Public record requests must be affordable
Florida's Sunshine Laws are intended to keep the state's government transparent and accountable. Whenever public records information is requested, the price is no more than the lowest paid employee's labor capable of the job plus the cost to make the copies, according to Florida Statutes.
Florida Sen. Michael Fasano (R-New Port Richey) was in for a surprise, then, when he filed a public records request and was sent an invoice of $10,750.13 for an estimated 380 hours of legal analysis over several months, according to the St. Petersburg Times.
Some documents require more technical analysis than others, but such high costs for public records are prohibitive to ensuring accountability and limit the Sunshine Laws ability to provide transparency.
Fasano's request was in regard to a $125 million investment of public pension money in a hedge fund called Starboard Value and Opportunity, which Ash Williams, head of the State Board of Administration (SBA), approved in 2010, according to the Times. The problem is that Thomas Strauss, head of the fund that spun off Starboard Value and Opportunity, was a client of Williams prior to becoming SBA head in 2008.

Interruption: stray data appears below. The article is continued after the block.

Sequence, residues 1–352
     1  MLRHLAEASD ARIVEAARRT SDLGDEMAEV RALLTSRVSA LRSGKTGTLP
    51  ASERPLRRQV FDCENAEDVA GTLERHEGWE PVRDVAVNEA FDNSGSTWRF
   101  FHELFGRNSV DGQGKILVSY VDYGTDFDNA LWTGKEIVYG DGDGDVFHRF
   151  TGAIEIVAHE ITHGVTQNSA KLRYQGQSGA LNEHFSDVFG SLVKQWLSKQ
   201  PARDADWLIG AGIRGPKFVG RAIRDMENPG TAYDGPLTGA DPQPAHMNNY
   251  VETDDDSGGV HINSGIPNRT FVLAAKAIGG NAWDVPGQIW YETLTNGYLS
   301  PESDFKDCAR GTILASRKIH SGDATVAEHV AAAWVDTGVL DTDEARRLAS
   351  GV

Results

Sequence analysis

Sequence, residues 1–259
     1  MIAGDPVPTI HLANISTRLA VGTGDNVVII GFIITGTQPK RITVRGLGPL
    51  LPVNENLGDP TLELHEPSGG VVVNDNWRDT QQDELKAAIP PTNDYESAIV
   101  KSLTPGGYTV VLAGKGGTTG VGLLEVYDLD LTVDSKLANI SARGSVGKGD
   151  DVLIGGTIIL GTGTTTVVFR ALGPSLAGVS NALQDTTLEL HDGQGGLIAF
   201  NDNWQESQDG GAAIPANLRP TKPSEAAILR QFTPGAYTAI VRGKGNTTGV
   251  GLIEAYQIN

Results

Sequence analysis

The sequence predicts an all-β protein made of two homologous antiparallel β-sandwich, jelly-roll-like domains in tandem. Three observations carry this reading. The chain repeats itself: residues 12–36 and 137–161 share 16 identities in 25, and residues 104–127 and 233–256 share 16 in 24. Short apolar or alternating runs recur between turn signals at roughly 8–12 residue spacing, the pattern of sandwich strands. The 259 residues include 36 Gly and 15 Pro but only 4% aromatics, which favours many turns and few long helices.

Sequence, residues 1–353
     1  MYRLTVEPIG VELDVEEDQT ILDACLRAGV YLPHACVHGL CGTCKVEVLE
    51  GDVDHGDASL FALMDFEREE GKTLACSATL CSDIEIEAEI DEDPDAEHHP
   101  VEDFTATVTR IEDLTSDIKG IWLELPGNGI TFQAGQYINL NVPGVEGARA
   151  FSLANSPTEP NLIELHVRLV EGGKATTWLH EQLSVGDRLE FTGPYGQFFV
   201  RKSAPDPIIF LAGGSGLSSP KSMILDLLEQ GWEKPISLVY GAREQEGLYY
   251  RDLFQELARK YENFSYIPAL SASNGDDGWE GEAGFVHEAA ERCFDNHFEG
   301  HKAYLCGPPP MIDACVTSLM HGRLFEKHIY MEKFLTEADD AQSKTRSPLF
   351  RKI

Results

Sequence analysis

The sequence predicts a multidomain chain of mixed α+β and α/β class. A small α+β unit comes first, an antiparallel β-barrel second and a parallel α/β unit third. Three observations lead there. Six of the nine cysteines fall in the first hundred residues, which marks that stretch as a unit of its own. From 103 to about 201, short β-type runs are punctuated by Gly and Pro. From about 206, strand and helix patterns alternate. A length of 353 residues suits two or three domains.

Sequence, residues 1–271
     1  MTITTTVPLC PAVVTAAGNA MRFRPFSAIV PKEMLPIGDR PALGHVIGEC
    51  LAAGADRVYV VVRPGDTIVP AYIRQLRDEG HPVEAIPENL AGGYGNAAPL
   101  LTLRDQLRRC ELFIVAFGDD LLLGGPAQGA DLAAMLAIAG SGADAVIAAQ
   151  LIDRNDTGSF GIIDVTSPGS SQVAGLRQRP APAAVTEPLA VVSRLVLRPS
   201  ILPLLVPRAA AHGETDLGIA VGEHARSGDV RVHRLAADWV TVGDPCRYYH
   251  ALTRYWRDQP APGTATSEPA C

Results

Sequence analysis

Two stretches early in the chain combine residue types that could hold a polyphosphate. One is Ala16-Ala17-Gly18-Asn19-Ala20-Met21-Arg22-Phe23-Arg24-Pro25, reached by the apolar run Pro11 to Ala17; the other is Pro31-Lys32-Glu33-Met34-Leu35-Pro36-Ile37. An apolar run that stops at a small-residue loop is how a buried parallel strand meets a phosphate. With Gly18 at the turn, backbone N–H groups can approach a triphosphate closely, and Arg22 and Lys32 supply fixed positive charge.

In a letter to SBA's trustees, Fasano wrote that he didn't "want to accuse anyone of attempting to hide anything," but found "a $10,000 bill … sent with a warning that it could take months to supply the information requested" suspicious, according to the Times.
The cost of complying with the request of 6000 pages requires 300 hours of paralegal work at $22.84 an hour, according to the Times. In addition to the paralegal work, 80 hours must be spent on fees for lawyers, "information technology work," a senior investment officer and a senior analyst's work, as well as another $450 for 3,000 photocopies.
Fasano's situation isn't the only recent case of a public official balking at the high cost of public records. Former New Port Richey human resources director Jeff Sutton filed a City Hall email records request, which was "usually filled at little cost or no cost," and received a $850 bill, according to the Times.
The fees of these public records requests are prohibitively costly to legislators - let alone normal citizens. Legal documents may require a large amount of analysis, and legal expenses can be costly, but such important financial records need to be within the grasp of politicians, journalists, writers, regulators and citizens. Something must be reformed to make important requests records like these able "to be inspected … under reasonable conditions," as stated in Florida Statute 119.07, 1(a).
If the fees billed are correct, then the government should look to alternatives such as subsidizing information requests if that is what it takes to ensure accountability. These fees are cost-prohibitive to the point that they do not offer fair access for all. These high legal fees provide a barrier to branches of government outside the executive, and threaten to tip the control of information in Florida if they are not reformed.
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